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Research Papers

Transient Data Processing of Flow Boiling Local Heat Transfer in a Multi-Microchannel Evaporator Under a Heat Flux Disturbance

[+] Author and Article Information
Houxue Huang

Laboratory of Heat and Mass Transfer (LTCM),
École Polytechnique Fédérale
de Lausanne (EPFL),
EPFL-STI-IGM-LTCM, Station 9,
Lausanne CH-1015, Switzerland
e-mail: houxue.huang@epfl.ch

Nicolas Lamaison

Laboratory of Heat and Mass Transfer (LTCM),
École Polytechnique Fédérale
de Lausanne (EPFL),
EPFL-STI-IGM-LTCM, Station 9,
Lausanne CH-1015, Switzerland

John R. Thome

Professor
Laboratory of Heat and Mass Transfer (LTCM),
École Polytechnique Fédérale
de Lausanne (EPFL),
EPFL-STI-IGM-LTCM, Station 9,
Lausanne CH-1015, Switzerland

1Corresponding author.

Contributed by the Electronic and Photonic Packaging Division of ASME for publication in the JOURNAL OF ELECTRONIC PACKAGING. Manuscript received July 13, 2016; final manuscript received November 15, 2016; published online January 5, 2017. Assoc. Editor: M. Baris Dogruoz.

J. Electron. Packag 139(1), 011005 (Jan 05, 2017) (10 pages) Paper No: EP-16-1083; doi: 10.1115/1.4035386 History: Received July 13, 2016; Revised November 15, 2016

Multi-microchannel evaporators are often used to cool down electronic devices subjected to continuous heat load variations. However, so far, rare studies have addressed the transient flow boiling local heat transfer data occurring in such applications. The present paper introduces and compares two different data reduction methods for transient flow boiling data in a multi-microchannel evaporator. A transient test of heat disturbance from 20 to 30 W cm−2 was conducted in a multi-microchannel evaporator using R236fa as the test fluid. The test section was 1 × 1 cm2 in size and had 67 channels, each having a cross-sectional area of 100 × 100 μm2. The micro-evaporator backside temperature was obtained with a fine-resolution infrared (IR) camera. The first data reduction method (referred to three-dimensional (3D)-TDMA) consists in solving a transient 3D inverse heat conduction problem by using a tridiagonal matrix algorithm (TDMA), a Newton–Raphson iteration, and a local energy balance method. The second method (referred to two-dimensional (2D)-controlled) considers only 2D conduction in the substrate of the micro-evaporator and solves at each time step the well-posed 2D conduction problem using a semi-implicit solver. It is shown that the first method is more accurate, while the second one reduces significantly the computational time but led to an approximated solution. This is mainly due to the 2D assumption used in the second method without considering heat conduction in the widthwise direction of the micro-evaporator.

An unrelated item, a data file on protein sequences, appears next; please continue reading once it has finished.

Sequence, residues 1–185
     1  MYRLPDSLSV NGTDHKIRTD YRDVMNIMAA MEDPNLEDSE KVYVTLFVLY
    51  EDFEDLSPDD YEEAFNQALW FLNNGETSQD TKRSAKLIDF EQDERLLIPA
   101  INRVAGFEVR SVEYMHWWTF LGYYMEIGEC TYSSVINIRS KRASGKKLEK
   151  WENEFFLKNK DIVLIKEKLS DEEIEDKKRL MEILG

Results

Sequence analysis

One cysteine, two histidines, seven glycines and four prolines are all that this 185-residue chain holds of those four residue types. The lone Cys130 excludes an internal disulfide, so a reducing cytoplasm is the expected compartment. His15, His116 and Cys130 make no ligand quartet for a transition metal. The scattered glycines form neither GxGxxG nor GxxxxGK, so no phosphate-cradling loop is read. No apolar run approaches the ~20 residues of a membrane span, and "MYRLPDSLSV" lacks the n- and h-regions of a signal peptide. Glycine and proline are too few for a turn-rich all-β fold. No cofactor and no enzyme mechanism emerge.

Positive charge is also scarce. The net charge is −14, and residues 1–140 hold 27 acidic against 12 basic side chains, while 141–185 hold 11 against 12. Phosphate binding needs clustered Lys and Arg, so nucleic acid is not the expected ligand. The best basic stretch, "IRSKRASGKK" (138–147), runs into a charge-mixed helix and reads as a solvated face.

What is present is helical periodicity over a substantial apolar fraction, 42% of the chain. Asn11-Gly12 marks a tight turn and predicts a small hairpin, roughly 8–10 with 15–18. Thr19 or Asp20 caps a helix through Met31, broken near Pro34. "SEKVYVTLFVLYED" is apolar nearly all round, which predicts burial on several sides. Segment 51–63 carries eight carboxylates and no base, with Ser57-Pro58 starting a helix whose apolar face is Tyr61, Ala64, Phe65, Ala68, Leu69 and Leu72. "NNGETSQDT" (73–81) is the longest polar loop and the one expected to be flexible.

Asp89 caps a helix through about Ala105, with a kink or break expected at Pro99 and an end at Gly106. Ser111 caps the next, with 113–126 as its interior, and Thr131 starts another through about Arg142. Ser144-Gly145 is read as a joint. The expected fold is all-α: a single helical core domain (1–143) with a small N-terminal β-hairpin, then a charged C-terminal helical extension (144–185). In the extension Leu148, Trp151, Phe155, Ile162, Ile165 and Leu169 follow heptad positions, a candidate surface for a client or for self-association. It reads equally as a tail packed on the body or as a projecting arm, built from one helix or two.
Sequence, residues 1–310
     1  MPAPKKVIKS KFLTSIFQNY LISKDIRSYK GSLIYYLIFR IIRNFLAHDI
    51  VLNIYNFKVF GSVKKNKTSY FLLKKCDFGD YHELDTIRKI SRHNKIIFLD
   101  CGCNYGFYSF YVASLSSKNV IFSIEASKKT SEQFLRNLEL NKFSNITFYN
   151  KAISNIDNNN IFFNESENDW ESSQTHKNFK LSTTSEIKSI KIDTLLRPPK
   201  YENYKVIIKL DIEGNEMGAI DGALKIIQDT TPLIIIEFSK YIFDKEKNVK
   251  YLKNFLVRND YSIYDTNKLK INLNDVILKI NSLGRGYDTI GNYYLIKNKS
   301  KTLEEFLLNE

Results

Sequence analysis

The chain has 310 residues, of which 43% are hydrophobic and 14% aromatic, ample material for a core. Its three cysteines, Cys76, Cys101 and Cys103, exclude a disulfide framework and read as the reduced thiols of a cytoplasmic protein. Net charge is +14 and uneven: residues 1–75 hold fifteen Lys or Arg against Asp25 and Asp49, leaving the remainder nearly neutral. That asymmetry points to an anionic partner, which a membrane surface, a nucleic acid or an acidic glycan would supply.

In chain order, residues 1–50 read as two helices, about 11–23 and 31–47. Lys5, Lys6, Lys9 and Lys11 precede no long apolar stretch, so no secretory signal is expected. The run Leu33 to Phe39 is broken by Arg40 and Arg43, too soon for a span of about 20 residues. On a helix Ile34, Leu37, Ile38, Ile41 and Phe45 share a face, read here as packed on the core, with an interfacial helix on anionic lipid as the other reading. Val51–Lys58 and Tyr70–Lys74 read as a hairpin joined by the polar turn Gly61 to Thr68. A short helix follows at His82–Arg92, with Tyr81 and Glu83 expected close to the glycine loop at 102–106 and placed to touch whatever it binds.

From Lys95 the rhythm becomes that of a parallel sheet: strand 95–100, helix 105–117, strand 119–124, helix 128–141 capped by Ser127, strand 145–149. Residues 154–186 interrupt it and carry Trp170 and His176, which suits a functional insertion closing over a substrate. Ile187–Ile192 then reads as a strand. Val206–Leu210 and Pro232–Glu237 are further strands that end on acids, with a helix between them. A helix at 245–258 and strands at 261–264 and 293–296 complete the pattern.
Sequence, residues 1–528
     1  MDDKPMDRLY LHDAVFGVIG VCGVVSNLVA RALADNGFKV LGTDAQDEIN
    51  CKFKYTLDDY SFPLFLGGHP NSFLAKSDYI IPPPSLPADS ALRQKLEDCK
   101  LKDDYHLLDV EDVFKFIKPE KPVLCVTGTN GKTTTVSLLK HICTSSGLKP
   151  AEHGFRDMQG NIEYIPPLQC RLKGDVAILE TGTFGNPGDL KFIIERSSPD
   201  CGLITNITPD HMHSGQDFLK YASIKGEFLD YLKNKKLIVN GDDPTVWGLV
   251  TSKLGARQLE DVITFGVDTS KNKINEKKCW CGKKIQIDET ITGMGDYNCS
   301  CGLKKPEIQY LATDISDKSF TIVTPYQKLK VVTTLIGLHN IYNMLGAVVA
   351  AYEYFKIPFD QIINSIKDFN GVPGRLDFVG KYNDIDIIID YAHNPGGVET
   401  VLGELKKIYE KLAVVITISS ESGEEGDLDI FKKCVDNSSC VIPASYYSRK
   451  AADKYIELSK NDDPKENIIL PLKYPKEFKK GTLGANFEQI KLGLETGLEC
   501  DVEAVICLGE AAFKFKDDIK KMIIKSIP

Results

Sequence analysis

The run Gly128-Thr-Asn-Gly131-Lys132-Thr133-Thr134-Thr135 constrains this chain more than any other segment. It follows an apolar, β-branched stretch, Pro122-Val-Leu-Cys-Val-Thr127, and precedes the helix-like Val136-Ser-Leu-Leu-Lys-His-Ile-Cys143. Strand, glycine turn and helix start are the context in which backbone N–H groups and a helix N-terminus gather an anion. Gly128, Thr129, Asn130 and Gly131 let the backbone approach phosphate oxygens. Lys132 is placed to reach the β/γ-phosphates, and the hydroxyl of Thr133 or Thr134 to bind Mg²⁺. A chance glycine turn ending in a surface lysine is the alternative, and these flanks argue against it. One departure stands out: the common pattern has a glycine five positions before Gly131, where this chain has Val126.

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References

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Figures

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Fig. 1

Layout of the facility: (a) schematic diagram and (b) photo

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Fig. 2

Test section: (a) schematic of the microchannel evaporator, (b) photo of the microchannels with inlet orifices [1], (c) photo of the microheaters [1], and (d) photo of the manifold bottom

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Fig. 3

Initial local pressure and temperature profile

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Fig. 4

Mesh types used in the 3D-TDMA model

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Fig. 5

Flowchart for obtaining transient wall heat transfer coefficients with the 3D-TDMA method

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Fig. 6

System identification for Ki and Kp determination

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Fig. 7

Flowchart for obtaining transient wall heat transfer coefficients with the 2D-controlled method

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Fig. 8

Mass flux and inlet pressure response to the sudden heat load disturbance at 0.5 s

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Fig. 9

Transient pressure drop

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Fig. 10

Transient local pressure and temperature at four locations at the widthwise centerline: (a) local pressure, (b) local fluid temperature, and (c) local footprint temperature

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Fig. 11

Time evolution along the widthwise centerline after the heat flux disturbance at 0.5 s for both methods: (a) mean heat transfer coefficient and (b) maximum error on the calculated temperature compared to the experimental data

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Fig. 12

Time evolution of the local wall heat transfer coefficient at four different locations along the widthwise centerline after the heat flux disturbance at 0.5 s for both methods

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Fig. 13

Local wall heat transfer coefficient profiles along the widthwise centerline at five different instants of time

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